Some of the stories were verifiable, but others were exaggerated and many even baseless.

Was Sherman truly a sadistic Satan?  Or, after years of carnage without resolution, was he driven to test a hard and fiery new way to bring about peace?

--Old Secesh


Tuesday, December 9, 2014

Shorpy Photo of 1913 Gettysburg Reunion

From the November 11, 2014, Shorpy "Civil War Veterans: 1913.

July 1913. Gettysburg, Pennsylvania.  "Gettysburg reunion: G.A.R. & S.C.V. veterans at the encampment.  Some of the 53,000 Civil War veterans of either group, who reunited at Gettysburg for the 50th anniversary of the battle.

GAR (Grand Army of the Republic) and UCV (United Confederate Veterans).  These were veterans groups.

One comment was about a readers' ancestors who lived near Gettysburg who had their home ransacked by Confederates a couple days before the battle.

The photo shows about ten of the veterans standing around with two playing instruments.  I could not tell if this was a mixture of Confederates and Union soldiers.  Perhaps the light and dark hats was an indicator

Of course, 1913 was before the Confederates became demons for fighting to keep slaves.

--Old Secesh

Sherman's March to the Sea-- Part 3: "Dinner With Uncle Billy"

The next big event in Milledgeville's old legislative chamber will be where locals gather there for a commemorative "Dinner With Uncle Billy" with 19th-century fare, finished with buttermilk pie (never heard of that).  I wonder if you want your steak well done, can you get it "Shermanized?"

In addition, there will be an original drama  created from the words of those who were here when Sherman, including rank-and-file soldiers, shopkeepers, slaves and even Sherman himself, noted for his usual unsmiling self.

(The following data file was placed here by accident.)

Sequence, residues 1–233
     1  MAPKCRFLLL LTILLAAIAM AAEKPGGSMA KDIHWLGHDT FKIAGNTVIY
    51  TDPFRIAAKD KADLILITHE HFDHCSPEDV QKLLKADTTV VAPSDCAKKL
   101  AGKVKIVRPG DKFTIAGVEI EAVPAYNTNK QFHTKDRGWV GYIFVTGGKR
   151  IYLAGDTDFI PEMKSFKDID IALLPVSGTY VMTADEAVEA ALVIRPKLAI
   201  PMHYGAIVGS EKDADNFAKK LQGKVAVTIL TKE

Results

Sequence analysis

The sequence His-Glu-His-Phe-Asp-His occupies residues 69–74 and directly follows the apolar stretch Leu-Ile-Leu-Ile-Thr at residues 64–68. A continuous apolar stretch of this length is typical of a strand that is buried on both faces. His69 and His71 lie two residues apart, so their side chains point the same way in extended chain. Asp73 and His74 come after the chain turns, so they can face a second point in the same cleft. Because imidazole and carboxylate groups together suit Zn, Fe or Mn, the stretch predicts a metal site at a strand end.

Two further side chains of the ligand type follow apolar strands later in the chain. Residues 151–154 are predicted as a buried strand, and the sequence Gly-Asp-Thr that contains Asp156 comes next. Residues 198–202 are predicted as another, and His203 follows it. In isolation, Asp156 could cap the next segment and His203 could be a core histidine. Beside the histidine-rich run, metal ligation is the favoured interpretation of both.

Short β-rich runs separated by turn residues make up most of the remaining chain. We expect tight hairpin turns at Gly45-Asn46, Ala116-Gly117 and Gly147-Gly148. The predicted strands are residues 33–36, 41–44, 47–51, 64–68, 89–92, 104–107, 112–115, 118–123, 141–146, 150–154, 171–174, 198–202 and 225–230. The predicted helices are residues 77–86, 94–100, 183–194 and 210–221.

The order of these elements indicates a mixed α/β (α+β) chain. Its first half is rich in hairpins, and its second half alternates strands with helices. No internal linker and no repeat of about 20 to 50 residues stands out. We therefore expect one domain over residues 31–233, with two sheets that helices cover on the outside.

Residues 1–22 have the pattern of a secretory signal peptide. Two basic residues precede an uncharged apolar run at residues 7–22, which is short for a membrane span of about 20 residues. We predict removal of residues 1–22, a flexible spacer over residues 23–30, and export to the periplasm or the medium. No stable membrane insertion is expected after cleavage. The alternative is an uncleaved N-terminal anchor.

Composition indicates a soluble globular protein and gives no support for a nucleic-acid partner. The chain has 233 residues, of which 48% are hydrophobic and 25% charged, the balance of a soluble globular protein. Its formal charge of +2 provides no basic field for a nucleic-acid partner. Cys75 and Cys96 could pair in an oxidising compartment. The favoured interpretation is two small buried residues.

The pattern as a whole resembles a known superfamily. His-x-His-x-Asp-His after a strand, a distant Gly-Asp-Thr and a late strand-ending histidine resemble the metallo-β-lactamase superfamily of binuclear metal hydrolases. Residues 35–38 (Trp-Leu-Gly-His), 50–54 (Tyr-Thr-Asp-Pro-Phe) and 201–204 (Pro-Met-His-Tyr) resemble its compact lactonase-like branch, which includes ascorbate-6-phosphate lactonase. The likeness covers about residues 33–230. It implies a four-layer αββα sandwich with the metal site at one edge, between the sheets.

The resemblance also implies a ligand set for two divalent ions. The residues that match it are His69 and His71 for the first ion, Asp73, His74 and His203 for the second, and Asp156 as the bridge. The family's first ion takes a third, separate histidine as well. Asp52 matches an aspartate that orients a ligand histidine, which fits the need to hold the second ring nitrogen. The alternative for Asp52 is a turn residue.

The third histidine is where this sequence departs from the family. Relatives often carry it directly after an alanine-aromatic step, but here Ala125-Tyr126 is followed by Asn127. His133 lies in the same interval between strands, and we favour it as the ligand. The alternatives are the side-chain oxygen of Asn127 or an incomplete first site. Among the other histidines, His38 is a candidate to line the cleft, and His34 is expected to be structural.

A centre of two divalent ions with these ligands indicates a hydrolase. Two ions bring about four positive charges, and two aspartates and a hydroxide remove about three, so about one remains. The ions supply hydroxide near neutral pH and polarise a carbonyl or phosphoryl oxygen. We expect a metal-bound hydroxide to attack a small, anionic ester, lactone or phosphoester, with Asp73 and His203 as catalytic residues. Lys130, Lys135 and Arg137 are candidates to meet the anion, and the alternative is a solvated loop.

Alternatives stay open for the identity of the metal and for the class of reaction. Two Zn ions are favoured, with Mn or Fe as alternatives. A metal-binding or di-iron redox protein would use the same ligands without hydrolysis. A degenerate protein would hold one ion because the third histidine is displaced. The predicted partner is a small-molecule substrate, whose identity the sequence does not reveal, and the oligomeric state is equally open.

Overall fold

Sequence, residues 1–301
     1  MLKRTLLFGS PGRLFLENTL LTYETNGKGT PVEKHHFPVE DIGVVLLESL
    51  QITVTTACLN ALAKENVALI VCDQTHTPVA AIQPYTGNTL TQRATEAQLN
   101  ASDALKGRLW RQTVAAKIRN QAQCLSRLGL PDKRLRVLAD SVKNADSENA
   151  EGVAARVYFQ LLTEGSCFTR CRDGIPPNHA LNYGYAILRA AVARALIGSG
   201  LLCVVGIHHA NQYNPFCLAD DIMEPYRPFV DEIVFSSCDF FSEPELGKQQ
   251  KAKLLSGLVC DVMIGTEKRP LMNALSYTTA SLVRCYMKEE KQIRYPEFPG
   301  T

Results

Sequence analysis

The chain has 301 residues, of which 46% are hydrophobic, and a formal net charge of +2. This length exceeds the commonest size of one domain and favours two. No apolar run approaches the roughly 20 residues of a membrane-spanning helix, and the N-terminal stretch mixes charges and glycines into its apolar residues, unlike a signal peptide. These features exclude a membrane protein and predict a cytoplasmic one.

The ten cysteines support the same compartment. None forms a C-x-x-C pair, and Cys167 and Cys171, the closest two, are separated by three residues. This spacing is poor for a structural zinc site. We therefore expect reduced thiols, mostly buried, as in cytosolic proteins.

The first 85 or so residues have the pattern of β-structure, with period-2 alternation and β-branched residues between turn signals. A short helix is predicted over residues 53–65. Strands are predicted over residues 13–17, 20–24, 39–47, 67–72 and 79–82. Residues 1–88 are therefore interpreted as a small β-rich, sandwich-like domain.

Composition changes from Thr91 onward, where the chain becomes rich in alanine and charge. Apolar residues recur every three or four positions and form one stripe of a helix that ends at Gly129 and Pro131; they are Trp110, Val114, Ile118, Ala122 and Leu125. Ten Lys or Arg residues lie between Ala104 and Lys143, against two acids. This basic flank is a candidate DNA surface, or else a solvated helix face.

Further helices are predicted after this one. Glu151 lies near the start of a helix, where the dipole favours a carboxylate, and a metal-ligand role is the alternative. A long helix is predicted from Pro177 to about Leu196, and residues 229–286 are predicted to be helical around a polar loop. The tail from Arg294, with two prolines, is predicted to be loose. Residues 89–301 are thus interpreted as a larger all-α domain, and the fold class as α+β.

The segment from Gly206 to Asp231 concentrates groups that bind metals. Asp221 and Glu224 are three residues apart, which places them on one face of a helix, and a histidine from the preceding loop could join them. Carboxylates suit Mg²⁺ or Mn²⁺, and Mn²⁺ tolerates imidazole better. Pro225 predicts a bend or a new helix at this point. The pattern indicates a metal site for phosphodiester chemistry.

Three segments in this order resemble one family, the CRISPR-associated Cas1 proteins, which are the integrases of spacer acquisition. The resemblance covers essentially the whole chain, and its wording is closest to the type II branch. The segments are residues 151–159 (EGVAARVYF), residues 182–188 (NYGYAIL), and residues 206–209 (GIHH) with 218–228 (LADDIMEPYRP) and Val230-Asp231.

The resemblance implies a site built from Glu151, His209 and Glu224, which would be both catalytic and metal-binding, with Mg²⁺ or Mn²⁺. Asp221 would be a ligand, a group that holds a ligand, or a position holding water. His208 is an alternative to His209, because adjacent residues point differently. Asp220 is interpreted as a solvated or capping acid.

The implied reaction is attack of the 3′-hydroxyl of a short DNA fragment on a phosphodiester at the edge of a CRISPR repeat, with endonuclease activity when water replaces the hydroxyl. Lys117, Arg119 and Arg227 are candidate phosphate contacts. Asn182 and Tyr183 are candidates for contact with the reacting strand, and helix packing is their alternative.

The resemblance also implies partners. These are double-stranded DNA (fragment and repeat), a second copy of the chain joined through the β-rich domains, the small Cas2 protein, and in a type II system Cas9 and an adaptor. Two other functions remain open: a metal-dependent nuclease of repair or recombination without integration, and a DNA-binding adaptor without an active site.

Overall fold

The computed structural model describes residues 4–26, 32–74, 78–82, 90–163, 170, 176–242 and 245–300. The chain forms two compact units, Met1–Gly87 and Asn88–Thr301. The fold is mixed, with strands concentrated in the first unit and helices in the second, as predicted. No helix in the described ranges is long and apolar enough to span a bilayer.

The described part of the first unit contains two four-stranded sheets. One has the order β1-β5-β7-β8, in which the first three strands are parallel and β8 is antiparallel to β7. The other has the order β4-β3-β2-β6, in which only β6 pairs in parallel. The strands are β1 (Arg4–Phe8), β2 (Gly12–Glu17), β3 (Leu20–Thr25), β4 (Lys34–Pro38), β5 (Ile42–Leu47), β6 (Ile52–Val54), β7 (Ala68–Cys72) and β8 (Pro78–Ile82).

Amy Wright is director of the capital museum in Milledgeville where this will take place.  She has a doctorate plus five generations of personal history from the area.

She was told while a girl that Sherman's men ransacked houses, stole property and set fires.  It was an unusually cold winter and the bummers took or destroyed harvests "and there was no making up a crop."  People were left to starve.  Animals that couldn't be carried away were simply killed.

Mean Old Yankees  --Old Secesh

Monday, December 8, 2014

Sherman's March to the Sea Still Vivid-- Part 2: Devil or War Criminal?

"Their racous laughter soon gave way to rampaging -- and then to tears and fury among local people, including Wright's forebears, and countless others along the path of destruction Sherman slashed from smoking Atlanta to trembling Savannah and beyond.  For many, even a century and a half later, Sherman's name still evokes epithets -- villain, war criminal, devil -- for te horrors he countenanced, and even commanded.

"Still, if his reputation for mayhem remains firmly intact, the passage of time has allowed for his march and indeed his own complex character to receive a more nuanced assessment.  And, it's not just historians who are looking anew."